Gabrielle Mulder, a student studying their Masters in Child and Family Psychology, is exploring the influence of New Zealand European, Māori and Asian culture on parenting practices and children’s social behaviours.
- How does culture influence parenting practices?
- Do parents view their parenting through a cultural lens?
- How do parents of different cultures perceive their children’s behaviours?
- What are some of the similarities and differences among cultures in regards to parenting and children’s behaviour?
This project is seeking mothers and fathers of children between 3-5 who identify as either New Zealand European, Māori or Asian (Chinese, Indian, Filipino) to share their views and perceptions around how their culture has influenced their parenting, and their children’s social behaviours, with a view to completing two short questionnaires and an interview.
If you meet the criteria and are interesting in participating, please email Gabrielle Masters, who will be happy to send you through some more information.
Does your child struggle with anxiety or stress? Would you like to support them to learn skills to enhance their wellbeing?
The Psychology Centre is offering Pause Breathe Smile (PBS) a group for children (age 7-11 years) who struggle with stress, anxiety and their parents to develop skills of mindfulness.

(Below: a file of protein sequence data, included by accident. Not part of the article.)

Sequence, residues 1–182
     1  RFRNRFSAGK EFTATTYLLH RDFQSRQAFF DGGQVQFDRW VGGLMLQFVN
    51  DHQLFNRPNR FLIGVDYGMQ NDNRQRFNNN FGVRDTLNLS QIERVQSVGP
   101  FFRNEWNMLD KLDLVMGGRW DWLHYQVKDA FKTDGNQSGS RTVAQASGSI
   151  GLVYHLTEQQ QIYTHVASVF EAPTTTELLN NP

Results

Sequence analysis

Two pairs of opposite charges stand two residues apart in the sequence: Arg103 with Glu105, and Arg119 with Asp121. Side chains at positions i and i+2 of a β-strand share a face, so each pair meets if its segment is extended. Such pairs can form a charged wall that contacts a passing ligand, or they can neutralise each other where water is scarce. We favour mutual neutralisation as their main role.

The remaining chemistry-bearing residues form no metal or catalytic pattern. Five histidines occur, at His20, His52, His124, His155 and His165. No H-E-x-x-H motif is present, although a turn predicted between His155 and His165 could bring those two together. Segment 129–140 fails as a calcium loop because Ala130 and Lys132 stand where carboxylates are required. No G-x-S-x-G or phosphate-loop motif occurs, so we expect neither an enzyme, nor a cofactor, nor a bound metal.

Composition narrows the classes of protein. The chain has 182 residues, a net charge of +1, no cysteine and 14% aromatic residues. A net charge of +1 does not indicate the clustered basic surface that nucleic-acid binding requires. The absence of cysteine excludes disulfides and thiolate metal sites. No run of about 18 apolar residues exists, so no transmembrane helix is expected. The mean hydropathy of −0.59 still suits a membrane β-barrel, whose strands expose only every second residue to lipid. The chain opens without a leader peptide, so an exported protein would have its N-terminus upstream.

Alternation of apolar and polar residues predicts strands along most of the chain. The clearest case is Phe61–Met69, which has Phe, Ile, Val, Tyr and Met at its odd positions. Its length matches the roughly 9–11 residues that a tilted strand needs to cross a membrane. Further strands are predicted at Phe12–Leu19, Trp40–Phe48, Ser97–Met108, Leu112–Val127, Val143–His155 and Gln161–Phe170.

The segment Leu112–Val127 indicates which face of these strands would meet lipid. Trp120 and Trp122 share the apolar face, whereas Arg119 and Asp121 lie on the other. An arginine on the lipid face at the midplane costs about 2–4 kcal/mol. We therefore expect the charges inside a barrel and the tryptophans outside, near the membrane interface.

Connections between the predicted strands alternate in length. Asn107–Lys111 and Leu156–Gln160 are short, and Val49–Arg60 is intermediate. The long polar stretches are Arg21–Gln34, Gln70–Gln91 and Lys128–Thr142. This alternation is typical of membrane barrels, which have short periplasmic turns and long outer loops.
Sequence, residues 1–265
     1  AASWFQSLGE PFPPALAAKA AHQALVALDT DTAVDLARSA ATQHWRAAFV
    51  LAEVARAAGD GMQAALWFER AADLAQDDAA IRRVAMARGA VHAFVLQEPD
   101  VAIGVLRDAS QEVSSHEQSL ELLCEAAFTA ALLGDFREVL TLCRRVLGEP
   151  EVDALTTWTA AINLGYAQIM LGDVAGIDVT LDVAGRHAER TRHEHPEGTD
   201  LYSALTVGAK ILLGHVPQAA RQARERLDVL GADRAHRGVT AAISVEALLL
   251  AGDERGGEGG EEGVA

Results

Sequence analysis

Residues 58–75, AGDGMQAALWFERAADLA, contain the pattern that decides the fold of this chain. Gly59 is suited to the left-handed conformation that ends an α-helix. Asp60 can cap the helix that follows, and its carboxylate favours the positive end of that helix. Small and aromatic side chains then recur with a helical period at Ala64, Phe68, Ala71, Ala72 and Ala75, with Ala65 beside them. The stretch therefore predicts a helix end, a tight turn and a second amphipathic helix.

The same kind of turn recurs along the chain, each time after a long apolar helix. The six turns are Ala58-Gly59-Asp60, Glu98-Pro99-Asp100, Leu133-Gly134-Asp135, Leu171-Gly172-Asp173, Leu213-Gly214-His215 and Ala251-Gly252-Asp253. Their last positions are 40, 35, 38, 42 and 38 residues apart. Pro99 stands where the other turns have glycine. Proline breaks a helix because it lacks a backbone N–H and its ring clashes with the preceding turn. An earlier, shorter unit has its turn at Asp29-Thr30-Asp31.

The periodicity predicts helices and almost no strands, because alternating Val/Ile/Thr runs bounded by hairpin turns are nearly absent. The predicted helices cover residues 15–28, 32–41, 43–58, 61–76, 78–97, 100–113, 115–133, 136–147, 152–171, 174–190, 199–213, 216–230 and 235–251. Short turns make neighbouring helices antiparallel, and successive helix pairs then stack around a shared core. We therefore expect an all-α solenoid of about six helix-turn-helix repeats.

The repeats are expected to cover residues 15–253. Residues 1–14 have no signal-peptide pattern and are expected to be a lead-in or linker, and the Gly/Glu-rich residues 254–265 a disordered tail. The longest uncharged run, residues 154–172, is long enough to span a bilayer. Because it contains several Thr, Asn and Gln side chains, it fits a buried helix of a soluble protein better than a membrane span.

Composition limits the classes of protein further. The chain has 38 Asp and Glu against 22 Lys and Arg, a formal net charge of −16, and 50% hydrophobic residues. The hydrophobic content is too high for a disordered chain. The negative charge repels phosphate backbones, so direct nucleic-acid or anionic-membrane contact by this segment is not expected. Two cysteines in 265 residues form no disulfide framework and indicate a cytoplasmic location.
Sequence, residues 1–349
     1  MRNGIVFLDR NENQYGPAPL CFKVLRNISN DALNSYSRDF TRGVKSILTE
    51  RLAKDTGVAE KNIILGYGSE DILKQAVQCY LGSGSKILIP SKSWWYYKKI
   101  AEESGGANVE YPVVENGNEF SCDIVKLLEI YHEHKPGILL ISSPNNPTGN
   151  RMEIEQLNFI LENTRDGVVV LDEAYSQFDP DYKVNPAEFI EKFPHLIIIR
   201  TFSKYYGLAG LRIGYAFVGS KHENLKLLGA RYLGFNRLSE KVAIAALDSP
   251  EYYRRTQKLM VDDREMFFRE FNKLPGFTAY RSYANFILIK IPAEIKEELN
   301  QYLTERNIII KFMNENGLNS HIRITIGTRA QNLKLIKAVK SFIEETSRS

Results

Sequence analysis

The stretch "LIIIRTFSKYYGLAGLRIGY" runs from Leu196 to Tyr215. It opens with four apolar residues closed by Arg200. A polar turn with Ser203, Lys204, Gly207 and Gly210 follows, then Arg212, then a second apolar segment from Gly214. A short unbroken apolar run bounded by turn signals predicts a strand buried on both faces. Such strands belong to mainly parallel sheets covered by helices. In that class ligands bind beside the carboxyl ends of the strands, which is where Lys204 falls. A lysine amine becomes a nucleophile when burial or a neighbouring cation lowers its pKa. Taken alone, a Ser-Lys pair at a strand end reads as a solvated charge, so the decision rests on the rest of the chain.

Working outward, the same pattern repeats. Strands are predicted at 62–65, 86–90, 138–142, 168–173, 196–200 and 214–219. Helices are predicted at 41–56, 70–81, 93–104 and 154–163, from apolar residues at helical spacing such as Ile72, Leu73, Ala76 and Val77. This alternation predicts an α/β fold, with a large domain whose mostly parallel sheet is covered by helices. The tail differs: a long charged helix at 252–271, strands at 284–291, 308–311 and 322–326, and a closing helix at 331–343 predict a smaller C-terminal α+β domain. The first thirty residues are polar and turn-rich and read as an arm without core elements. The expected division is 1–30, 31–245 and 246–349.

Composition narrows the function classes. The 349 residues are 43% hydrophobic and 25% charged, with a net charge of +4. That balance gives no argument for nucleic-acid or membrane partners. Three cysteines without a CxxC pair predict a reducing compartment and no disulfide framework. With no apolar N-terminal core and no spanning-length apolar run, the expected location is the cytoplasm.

PBS is an evidence-based program, developed by the Mental Health Foundation, found to improved focus and attention, enhance self-awareness and reduced stress. Our recent pilot group at the Psychology Centre also found that PBS is effective at reducing anxiety and improving coping in children.
The group will run between 4 – 5pm, from Wednesday 15 August for 7 weeks at the Psychology Centre, University of Canterbury. The course requires both child and parent/ caregiver to attend, and learn together. The cost of the program is $120.
For more information, call 3693777 or email email@example.com.
Applications are now open for the Superu Children and Families Research Fund.
The Fund is dedicated to funding policy-relevant research using external data from the Growing Up in New Zealand (GUiNZ) study. It provides researchers with an opportunity to explore and shape social policy that supports children and their families, whānau and communities.
The Fund is open to government agencies, non-government organisations, academics, and public or independent research organisations with demonstrated research capability.
Applications close on 28 February 2017. Funding totaling $750,000 a year, every year is available until 2025/26 with $1,050,000 available in the first funding round.
Find out more about how to apply